Intellectual honesty

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Intellectual honesty is an applied method of problem solving characterised by an unbiased, honest attitude, which can be demonstrated in a number of different ways:

  • One's personal beliefs or politics do not interfere with the pursuit of truth;
  • Relevant facts and information are not purposefully omitted, even when such things may contradict one's hypothesis;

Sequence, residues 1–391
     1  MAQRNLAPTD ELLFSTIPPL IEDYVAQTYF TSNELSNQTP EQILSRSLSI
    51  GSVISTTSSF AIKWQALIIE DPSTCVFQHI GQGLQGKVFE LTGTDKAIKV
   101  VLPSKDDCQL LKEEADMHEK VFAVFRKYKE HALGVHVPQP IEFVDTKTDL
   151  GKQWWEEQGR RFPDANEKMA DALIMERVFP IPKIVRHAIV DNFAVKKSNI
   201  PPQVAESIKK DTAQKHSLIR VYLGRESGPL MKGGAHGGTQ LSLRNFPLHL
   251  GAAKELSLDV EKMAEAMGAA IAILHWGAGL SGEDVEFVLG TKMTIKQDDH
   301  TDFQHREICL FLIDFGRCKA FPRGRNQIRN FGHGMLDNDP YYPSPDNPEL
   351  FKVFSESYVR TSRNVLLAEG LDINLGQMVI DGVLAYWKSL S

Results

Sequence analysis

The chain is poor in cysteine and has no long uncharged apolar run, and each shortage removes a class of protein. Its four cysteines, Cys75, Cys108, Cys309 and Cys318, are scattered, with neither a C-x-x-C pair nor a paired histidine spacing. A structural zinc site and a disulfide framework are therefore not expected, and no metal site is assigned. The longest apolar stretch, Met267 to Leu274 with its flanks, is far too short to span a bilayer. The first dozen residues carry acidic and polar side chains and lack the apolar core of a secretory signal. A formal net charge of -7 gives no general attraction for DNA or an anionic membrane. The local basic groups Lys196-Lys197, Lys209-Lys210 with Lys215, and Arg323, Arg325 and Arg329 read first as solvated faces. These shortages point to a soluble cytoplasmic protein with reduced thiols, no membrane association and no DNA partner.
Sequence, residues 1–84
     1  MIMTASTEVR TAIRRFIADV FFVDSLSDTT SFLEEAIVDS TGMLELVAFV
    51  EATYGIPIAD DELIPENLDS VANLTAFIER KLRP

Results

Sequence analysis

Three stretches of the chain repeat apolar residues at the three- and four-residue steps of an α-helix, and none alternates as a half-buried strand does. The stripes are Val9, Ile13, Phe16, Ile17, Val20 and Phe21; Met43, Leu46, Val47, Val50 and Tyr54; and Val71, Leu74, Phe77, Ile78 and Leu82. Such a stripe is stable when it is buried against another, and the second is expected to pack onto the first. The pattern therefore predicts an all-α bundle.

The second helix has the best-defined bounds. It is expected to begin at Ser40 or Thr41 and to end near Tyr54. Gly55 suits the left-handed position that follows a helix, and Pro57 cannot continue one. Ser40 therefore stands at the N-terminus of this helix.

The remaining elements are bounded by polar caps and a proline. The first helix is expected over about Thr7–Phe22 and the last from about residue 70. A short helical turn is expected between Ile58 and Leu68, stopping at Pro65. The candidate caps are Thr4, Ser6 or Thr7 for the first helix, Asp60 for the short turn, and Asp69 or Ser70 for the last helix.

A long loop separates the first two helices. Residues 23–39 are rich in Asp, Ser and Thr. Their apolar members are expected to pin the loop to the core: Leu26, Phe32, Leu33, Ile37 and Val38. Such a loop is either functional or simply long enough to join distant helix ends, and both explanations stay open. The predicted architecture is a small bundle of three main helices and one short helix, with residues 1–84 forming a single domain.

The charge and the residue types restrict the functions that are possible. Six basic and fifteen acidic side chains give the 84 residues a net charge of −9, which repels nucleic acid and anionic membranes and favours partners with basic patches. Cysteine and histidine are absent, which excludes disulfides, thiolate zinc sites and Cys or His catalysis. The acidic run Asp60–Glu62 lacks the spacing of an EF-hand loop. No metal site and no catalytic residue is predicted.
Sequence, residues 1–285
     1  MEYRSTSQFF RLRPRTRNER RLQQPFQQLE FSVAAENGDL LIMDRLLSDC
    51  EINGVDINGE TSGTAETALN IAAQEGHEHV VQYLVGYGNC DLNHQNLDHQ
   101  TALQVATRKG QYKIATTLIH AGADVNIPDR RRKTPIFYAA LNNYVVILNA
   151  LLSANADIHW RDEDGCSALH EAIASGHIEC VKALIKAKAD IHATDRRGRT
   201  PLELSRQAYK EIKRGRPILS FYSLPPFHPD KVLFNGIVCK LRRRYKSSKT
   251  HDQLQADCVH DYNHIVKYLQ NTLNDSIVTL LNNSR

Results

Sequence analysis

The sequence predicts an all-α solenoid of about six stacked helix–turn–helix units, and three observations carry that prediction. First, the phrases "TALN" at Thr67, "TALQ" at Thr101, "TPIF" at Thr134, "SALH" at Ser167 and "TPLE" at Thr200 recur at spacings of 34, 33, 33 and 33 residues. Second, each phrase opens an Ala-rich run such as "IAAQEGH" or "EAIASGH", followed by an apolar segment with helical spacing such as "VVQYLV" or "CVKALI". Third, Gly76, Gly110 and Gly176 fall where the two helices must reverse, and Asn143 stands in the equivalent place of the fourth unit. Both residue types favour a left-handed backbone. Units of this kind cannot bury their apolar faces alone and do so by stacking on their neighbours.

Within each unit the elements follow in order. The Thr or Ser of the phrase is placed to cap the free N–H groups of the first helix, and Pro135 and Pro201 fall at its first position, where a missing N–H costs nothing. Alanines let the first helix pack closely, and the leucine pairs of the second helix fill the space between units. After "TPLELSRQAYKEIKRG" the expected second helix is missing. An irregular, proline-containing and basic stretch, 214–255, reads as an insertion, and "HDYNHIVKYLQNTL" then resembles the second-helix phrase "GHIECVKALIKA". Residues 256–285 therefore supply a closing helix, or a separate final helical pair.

• Facts are presented in an unbiased manner and not twisted to give misleading impressions or to support one view over another;
  • References, or earlier work, are acknowledged where possible, and plagiarism is avoided.

Harvard ethicist Louis M. Guenin describes the "kernel" of intellectual honesty to be "a virtuous disposition to eschew deception when given an incentive for deception".[1]

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  1. ^ Guenin, Louis M. (1 June 2005). "Candor in Science: Intellectual Honesty". Synthese. 145 (2): 179. doi:10.1007/s11229-005-3746-3. ISSN 0039-7857.

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